Nonlinear axial stiffness characteristics of axisymmetric bolted joints

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Virginia Polytechnic Institute and State University


A critical assessment of the current design theory for bolted joints which is based on a linear, one-dimensional stiffness analysis is presented. A detailed nonlinear finite element analysis of a bolted joint conforming to ANSI standards was performed. The finite element results arc presented in the classical bolted joint diagram and compared with the linear theory. The results revealed that the joint stiffness is highly dependent on the magnitude of the applied load. The joint stiffness changes continuously from extremely high for small applied loads to extremely low for large applied loads, contrary to the constant joint stiffness of the linear theory. The linear theory is shown to be extremely inadequate in characterizing the joint stiffness. The significance of the results in terms of the failure of bolted joints is discussed. Straight-forward analytical procedures are proposed for establishing estimates of the nonlinear stiffness description and the associate bolt loading in fatigue environments. The linear theory should be discarded and the more accurate nonlinear joint description be used. These results also provide the finite element community an improved model for the interconnection of substructures.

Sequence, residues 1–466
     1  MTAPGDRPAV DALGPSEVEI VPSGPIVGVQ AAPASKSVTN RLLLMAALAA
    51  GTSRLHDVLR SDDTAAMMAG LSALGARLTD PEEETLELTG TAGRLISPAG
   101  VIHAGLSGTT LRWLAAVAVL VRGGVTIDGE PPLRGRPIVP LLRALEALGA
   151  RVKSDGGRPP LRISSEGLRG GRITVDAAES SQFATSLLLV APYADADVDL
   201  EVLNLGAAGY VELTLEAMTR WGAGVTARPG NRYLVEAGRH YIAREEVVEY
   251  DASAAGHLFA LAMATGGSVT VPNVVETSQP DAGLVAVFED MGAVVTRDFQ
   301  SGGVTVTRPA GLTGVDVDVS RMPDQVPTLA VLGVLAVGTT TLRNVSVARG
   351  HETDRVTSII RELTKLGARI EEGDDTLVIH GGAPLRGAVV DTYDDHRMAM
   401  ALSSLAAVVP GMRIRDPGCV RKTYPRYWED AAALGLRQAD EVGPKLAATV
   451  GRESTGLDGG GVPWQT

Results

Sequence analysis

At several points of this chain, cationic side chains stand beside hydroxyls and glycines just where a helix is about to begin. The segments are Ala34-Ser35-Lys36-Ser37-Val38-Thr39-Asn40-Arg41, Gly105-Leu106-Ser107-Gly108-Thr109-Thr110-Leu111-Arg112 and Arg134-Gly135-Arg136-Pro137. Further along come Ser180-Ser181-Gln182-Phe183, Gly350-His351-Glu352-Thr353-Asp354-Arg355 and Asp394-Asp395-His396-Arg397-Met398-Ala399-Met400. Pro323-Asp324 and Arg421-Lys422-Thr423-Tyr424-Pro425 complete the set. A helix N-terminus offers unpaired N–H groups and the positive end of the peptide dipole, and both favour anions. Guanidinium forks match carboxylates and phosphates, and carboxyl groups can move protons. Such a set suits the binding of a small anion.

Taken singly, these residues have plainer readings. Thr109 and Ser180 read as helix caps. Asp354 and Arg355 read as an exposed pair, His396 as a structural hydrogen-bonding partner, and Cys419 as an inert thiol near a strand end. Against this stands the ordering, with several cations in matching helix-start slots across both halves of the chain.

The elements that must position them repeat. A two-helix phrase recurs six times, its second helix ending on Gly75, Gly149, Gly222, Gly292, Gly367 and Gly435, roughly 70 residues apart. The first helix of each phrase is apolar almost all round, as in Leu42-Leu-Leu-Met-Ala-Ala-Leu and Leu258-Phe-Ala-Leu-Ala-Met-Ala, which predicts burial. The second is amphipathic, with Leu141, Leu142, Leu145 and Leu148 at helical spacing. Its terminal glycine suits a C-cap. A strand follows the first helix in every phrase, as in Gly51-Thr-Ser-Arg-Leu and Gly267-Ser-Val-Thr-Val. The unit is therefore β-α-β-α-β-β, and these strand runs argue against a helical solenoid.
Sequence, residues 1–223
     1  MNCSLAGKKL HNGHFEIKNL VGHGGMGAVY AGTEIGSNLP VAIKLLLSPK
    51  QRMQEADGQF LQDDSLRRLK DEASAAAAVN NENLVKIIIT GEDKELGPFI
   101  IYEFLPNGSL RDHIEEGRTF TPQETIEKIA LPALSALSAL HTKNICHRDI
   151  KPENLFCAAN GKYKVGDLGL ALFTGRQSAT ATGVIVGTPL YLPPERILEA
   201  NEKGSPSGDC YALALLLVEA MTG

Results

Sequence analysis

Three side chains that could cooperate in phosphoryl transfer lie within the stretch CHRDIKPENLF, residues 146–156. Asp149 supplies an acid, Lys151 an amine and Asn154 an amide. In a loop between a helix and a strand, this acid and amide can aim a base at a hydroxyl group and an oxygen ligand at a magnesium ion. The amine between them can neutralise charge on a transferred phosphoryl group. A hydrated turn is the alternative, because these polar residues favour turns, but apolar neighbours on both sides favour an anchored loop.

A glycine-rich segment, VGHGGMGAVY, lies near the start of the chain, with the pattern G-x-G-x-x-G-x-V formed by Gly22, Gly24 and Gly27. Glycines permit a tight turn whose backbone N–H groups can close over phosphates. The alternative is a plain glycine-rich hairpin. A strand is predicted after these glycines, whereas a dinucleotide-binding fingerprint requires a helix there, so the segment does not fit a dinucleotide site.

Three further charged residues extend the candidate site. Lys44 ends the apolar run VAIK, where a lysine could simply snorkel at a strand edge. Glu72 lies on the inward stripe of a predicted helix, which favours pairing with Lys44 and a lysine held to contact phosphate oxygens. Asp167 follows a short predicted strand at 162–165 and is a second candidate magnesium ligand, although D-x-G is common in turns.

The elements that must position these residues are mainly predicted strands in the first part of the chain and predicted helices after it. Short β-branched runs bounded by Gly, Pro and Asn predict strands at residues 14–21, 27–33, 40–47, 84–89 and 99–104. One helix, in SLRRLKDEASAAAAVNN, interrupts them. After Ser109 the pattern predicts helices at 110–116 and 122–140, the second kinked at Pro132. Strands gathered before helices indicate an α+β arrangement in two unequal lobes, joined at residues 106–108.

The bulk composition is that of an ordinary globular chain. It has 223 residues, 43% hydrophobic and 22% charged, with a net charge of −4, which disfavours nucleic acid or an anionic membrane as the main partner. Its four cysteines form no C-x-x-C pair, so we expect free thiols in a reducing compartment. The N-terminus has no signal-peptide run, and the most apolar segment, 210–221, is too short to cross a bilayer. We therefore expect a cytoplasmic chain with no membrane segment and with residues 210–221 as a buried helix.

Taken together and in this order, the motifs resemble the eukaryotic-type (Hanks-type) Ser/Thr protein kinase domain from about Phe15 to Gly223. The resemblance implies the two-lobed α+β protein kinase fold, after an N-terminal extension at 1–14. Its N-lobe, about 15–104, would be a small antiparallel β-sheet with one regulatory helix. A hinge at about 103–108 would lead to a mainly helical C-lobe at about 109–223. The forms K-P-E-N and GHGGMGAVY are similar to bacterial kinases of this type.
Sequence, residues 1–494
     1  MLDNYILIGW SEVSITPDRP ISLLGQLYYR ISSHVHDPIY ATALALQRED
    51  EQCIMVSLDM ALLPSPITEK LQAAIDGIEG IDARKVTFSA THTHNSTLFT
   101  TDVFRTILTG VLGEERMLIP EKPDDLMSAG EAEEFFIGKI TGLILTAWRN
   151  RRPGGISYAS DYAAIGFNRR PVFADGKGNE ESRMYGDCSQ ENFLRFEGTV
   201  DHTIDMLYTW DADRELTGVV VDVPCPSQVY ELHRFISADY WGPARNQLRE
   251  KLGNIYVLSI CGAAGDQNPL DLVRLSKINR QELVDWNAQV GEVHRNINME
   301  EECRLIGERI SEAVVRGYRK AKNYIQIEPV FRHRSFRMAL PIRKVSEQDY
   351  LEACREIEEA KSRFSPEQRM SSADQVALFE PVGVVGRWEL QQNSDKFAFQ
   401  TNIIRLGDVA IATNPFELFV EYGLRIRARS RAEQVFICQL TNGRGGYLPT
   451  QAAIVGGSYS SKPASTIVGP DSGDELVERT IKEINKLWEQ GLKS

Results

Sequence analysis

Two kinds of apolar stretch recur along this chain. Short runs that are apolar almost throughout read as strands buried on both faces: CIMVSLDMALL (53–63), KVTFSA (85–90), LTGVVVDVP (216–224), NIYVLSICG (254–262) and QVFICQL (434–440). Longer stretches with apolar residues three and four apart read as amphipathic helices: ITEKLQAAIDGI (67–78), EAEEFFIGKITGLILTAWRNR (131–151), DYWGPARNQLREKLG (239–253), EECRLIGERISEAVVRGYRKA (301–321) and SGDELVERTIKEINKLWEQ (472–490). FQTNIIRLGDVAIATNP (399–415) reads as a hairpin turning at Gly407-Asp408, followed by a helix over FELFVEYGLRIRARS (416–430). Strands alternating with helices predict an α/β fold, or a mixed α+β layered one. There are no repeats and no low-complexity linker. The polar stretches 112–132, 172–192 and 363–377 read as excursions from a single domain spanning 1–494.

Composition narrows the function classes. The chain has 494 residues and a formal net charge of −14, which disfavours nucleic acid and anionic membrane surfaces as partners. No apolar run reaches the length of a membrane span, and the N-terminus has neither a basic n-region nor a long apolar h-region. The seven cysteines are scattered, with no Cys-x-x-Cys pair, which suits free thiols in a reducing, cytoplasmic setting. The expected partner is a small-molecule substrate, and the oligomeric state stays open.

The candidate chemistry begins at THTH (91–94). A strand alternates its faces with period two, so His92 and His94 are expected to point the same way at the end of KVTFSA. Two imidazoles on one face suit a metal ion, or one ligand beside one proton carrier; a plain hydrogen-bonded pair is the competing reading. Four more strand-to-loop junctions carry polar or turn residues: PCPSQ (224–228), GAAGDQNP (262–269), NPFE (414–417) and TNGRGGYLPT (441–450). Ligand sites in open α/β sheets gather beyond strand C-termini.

The two-dimensional, axisymmetric finite element model includes bilinear gap elements to model the interfaces. Special orthotropic elements were used to model the bolt/nut thread interaction. A free-body-diagram approach was taken by applying loads to the outer diameter of the joint model which correspond to internal, uniformly distributed line-shear and line-moment loads in the joint. A number of convergence studies were performed to validate the solution.